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On June 12, 2018, Public Safety Canada published Canada’s new National Cyber Security Strategy (the “2018 Cyber Strategy”). The 2018 Cyber Strategy details three national cybersecurity goals and the principles that will be followed over the next five years in order to achieve them. The 2018 Cyber Strategy was released almost eight years after the previous National Cyber Security Strategy, which was issued in 2010, and was the result of a review and consultation process that began in August 2016.
The 2018 Cyber Strategy recognizes the increased connectivity and on-line presence of Canadians and Canadian businesses and the related cybersecurity challenges. The 2018 Cyber Strategy also acknowledges significant gaps in the Canadian cybersecurity ecosystem, which the 2018 Cyber Strategy aims to address.
The 2018 Cyber Strategy is organized around three key goals:
- Secure and resilient Canadian systems;
- An innovative and adaptive Cyber ecosystem; and
- Effective leadership, governance and collaboration.
To achieve these goals, the 2018 Federal budget allocated more than $500 million for the implementation of the 2018 Cyber Strategy over five years. It will be the largest single investment in cybersecurity ever made by the Canadian government. As further detailed in the 2018 Cyber Strategy, the Government of Canada recognizes the importance of allocating some of the cybersecurity resources to the development and integration of blockchain and quantum computing cybersecurity applications.
First Strategic Goal: Secure and Resilient Canadian Systems
The 2018 Cyber Strategy provides that the Government of Canada will enhance law enforcement capabilities in response to cybercrime by increased coordination between law enforcement agencies. The Government of Canada will work to protect government and private sector systems from cybercrime and other cyber threats.
Resources will be allocated in order to make cybersecurity more accessible to small and medium-sized organizations that may lack the knowledge and resources to implement cyber security regimes.
In order to protect critical infrastructure, such as electrical grids, communications networks or financial institutions, the Government of Canada will develop regulatory frameworks with respect to adequate cybersecurity measures.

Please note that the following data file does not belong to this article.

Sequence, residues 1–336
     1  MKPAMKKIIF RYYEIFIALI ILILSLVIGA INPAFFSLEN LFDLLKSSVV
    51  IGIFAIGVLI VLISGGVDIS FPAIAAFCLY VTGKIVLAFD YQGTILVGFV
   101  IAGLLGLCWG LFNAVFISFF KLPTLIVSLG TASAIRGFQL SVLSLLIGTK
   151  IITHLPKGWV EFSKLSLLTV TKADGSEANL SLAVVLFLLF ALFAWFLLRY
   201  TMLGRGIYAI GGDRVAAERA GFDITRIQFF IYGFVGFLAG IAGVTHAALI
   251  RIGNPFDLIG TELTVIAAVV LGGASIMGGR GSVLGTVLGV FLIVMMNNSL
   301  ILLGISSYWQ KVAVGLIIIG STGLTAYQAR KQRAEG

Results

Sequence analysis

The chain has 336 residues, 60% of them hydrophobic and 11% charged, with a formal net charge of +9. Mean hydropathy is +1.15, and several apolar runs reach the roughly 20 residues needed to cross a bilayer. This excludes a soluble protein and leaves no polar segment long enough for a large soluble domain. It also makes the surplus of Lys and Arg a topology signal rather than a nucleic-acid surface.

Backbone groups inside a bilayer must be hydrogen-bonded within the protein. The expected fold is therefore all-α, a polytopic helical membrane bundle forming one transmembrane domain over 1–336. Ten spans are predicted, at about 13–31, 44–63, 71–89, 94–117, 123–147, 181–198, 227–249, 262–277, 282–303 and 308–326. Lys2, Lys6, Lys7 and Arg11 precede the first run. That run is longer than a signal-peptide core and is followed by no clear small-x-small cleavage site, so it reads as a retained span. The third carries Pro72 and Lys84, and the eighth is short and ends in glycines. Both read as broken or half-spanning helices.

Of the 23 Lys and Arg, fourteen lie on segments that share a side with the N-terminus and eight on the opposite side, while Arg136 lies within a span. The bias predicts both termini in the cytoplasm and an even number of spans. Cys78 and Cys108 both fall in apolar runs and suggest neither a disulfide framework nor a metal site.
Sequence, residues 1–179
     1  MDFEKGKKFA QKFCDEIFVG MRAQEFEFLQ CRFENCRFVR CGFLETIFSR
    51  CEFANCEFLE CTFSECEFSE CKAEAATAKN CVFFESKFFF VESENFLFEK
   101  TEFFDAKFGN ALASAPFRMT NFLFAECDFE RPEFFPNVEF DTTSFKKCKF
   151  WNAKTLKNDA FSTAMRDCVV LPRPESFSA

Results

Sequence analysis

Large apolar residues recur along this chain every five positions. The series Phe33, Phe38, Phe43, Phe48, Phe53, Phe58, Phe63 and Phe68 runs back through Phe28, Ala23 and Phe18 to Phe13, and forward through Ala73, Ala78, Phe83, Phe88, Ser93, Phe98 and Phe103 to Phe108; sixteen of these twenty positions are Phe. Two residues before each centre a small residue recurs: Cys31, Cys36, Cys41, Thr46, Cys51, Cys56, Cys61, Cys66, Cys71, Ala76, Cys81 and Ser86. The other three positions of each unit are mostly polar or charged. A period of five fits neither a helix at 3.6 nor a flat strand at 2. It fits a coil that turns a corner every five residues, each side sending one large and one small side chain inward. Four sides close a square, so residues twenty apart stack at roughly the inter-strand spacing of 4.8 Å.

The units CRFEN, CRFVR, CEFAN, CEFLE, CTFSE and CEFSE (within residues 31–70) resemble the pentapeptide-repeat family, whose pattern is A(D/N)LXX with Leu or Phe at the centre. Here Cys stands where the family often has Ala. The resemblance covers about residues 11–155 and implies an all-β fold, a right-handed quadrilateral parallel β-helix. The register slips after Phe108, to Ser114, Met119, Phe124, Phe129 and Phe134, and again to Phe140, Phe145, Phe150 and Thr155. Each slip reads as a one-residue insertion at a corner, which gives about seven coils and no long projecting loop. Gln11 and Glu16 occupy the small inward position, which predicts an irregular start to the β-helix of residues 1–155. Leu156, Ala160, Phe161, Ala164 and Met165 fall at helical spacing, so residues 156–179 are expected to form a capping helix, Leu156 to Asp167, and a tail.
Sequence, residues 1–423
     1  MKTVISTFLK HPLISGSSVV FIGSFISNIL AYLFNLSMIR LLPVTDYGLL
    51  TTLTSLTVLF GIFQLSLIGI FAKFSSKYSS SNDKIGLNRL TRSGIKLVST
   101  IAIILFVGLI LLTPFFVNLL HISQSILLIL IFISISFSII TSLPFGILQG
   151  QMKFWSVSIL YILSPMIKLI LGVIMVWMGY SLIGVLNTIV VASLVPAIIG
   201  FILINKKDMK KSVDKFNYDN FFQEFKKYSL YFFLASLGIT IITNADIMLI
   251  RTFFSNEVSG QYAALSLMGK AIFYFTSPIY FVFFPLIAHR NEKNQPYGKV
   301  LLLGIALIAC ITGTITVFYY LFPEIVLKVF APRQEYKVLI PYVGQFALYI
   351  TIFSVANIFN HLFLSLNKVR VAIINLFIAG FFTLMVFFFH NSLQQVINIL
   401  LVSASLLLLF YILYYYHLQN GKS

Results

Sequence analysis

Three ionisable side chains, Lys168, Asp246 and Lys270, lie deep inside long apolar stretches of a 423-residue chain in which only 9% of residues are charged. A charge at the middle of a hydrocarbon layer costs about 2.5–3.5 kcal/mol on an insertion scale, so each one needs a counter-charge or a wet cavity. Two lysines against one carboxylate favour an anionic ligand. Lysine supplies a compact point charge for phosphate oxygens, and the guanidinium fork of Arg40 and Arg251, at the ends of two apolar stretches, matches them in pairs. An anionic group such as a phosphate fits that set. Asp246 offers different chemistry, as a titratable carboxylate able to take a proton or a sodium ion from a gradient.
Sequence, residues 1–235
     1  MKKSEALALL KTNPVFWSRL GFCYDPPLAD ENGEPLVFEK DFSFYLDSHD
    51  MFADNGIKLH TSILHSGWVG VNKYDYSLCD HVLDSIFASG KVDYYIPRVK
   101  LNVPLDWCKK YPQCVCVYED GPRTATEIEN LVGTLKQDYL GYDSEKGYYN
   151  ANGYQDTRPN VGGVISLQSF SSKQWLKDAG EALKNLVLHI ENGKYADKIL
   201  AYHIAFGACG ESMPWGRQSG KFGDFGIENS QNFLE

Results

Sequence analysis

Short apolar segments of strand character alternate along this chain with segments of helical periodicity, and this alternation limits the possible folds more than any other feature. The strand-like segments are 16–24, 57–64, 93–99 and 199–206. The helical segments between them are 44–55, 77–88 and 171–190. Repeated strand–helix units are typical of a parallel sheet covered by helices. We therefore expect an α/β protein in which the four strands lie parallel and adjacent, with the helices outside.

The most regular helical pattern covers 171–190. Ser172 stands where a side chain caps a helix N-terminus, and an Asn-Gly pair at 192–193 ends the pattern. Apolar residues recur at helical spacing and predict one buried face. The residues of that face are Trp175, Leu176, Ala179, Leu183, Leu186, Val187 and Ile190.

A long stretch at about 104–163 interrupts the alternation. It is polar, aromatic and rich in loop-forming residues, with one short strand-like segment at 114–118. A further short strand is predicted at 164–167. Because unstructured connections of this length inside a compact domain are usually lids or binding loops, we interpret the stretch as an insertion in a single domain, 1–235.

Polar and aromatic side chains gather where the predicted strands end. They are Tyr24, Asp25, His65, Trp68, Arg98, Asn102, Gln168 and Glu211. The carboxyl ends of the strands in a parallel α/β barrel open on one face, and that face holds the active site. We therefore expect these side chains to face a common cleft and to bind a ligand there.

Second Strategic Goal: an Innovative and Adaptive Cyber Ecosystem
The 2018 Cyber Strategy recognizes the shortage of qualified cybersecurity professionals and notes the importance of constantly conducting scientific research into cybersecurity related issues in order to address new cybersecurity threats and challenges.
The Government of Canada will position Canada as a global leader in cybersecurity by supporting and funding advanced research, innovation and cybersecurity knowledge (with specific emphasis on quantum computing and blockchain technologies). The Government will dedicate resources to drive domestic demand for cybersecurity technologies and services.
Third Strategic Goal: Effective Leadership, Governance and Collaboration
The Government of Canada is aiming for national cybersecurity excellence. Cybersecurity excellence requires collaboratively enhancing cybersecurity capabilities in government and in the private sector. In particular, blockchain technology has the potential to become a means for secure delivery of services by the government and the private sector.
The Government of Canada will establish a clear focal point for authoritative advice, guidance and cyber incident response. This will improve information sharing and improve the private sector’s access to governmental support.
The Government of Canada will establish new forums for collaboration with a cross-section of Canadian stakeholders.
The federal government will develop, in partnership with Canadian stakeholders, a national plan to prevent, mitigate and respond to cybersecurity incidents. The Government of Canada will work with international partners to advance Canadian interests.
New Governmental Agencies
Pursuant to the 2018 Cyber Strategy, two new governmental agencies will be created:
- The Canadian Centre for Cyber Security (the “Cyber Centre”). The Cyber Centre will merge three separate governmental units: the Canadian Cyber Incident Response Centre (CCIRC) and the Get Cyber Safe public awareness campaign (previously under Public Safety Canada); the Security Operations Centre (previously under Shared Services Canada); and the entire IT Security branch of the CSE. The Cyber Centre will centralize cybersecurity innovation and collaboration for Canada, and will be a single unified source of expert advice, guidance, services and support on cybersecurity. Further, the Cyber Centre will enable better-coordinated and faster response to cyber threats.
- The RCMP National Cybercrime Coordination Unit, which will expand the RCMP’s capacity to investigate cybercrime, will be a coordination hub for cybercrime investigations in Canada and will work with international partners on cybercrime.
Takeaways for Business
Naturally, the 2018 Cyber Strategy does not go into implementation details, which will likely include a verity of specific governmental initiatives, projects and specific legislation and regulations.
With the Canadian government dedicating resources and significant budget to achieving the goals of the 2018 Cyber Strategy, businesses should be alert to opportunities relating to such governmental efforts and funding (such as grants, projects, funding programs, training programs, etc.).
Businesses should also be aware of the challenges that may arise with increased activity of cybersecurity regulatory authorities and the growing expectation of businesses to apply industry-recognized cybersecurity measures as part of on-going operations.